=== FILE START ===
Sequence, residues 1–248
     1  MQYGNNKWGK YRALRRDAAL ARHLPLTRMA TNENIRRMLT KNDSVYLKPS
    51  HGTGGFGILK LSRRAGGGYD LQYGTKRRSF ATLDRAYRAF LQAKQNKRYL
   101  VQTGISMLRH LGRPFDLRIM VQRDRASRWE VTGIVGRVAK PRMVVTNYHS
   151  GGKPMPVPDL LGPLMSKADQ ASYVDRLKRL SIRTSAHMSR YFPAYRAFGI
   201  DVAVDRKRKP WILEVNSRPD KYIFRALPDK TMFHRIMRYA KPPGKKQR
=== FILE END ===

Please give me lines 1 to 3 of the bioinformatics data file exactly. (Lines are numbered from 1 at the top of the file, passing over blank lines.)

Sequence, residues 1–248
     1  MQYGNNKWGK YRALRRDAAL ARHLPLTRMA TNENIRRMLT KNDSVYLKPS
    51  HGTGGFGILK LSRRAGGGYD LQYGTKRRSF ATLDRAYRAF LQAKQNKRYL